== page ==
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Setting up Flowcode to work with your PICKit 2

If you’re a fan of Flowcode you probably enjoy the simpler things in life like I do.  If that’s true you’re really going to love how easy it is to get your PICKit 2 working with Flowcode.  Simply go to the top menu and select CHIP>Compiler Options…

Complier Options Menu

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Setting up Flowcode to work with your CHIPINO

In order to get your Flowcode to work with your CHIPINO you’ll need to make a couple of adjustments to the project options and Chip settings in Flowcode.  This is really easy to do and will only take a moment at the beginning of each project.  If you do what I do, you usually open an existing project and save it as a new one and your setup is already done.  But still, you need to do this the first time as well as know how to change the settings in the event you want a different chip in your CHIPINO.  Yes!  You can change out the chip that comes with it and exchange for another Microchip 28ld PDIP.   That’s one of the really cool things about working with both CHIPINO and Flowcode, everythings is pretty darn simple and flexible.

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PIC Timers

After writing about the PIC hardware PWM module it occurred to me that a little more information about the onboard timers would be in order. Just about every PIC has a timer and many have several. The PIC16F777 that we I used in the hardare PWM article has three of them called TMR0, TMR1, TM2

The three timers are similar to each other in many ways but are different in some respects. Below is a list of each of the timer features from the datasheet.

 

 

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Pulse Width Modulation (PWM) using the CCS Compiler

Pulse Width Modulation (PWM) signals in the embedded world are used all the time for a variety of reasons. One use is to communicate. For example, on most Ford cars and trucks the regulator communicates status of the alternator field coil back to the engine control module. If the duty cycle of the the PWM is between 10-90% it means that the alternator is working just fine and if it gets into the 0-10% or 90-100% there’s a problem. You could also control the power output of your headlights with PWM. This is how most daytime running lights are done. Some still switch into a resistor to knock down the power, but in todays world that’s just not efficient enough. We can also control the “theatre lighting” of our vehicle’s interior lights. Using PWM we can gradually brighten or darken the cars interior or we can take tricolor LEDs and change the color of our interior.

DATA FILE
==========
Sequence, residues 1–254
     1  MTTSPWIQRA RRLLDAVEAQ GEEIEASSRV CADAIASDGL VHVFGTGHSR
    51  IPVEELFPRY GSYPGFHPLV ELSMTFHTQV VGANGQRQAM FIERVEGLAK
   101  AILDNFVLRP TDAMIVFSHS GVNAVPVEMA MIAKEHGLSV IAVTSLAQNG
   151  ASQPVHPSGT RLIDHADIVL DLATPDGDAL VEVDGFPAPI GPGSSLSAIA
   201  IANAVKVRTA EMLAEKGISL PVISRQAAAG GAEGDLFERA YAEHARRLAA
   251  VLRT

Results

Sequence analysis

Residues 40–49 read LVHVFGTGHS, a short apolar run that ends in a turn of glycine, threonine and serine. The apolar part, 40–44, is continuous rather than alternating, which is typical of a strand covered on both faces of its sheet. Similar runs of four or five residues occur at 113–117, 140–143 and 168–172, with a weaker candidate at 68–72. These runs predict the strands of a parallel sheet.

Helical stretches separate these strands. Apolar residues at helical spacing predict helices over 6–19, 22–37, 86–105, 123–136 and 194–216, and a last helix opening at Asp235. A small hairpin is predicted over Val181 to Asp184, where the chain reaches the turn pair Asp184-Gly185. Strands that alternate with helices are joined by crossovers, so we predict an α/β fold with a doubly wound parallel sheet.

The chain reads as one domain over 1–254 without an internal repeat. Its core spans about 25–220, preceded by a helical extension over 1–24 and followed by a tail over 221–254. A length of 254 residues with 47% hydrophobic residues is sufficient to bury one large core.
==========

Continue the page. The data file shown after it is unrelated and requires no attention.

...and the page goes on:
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Hello World for the PICKit 2

If you need a little help getting your PicKit 2TM LED’s to blink, here’s a little program that will get you started. You’ll see after you run it that I’ve toggled all 4 of the LED’s in two different sequences. You can play with the different outputs and durations to get familiar with how this is done in C. I’m using PICC Lite here so don’t forget to “include” the pic.h file into MPLABTM, otherwise it won’t work.
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LED Tutorial

As I was trying to think of a topic to write on this week, I noticed my ten year old son was playing on my bench trying to light up an LED with a battery. I was mildly entertained as he would smile when the light came on and then frown when it would turn off. “What happened?” he would say. I let him continue for a little while until I realized he was quickly working his way through my inventory of red LED’s.

 What my son didn’t realize is that he was either connecting them backwards and/or not properly limiting the current to the LED in which case he was burning them out. So yes, an idea on what to write about was born. As with most things that we set out to do, we need to understand the components that we’re working with. We don’t need to become an expert on LED’s to use one but some basic understanding is helpful.

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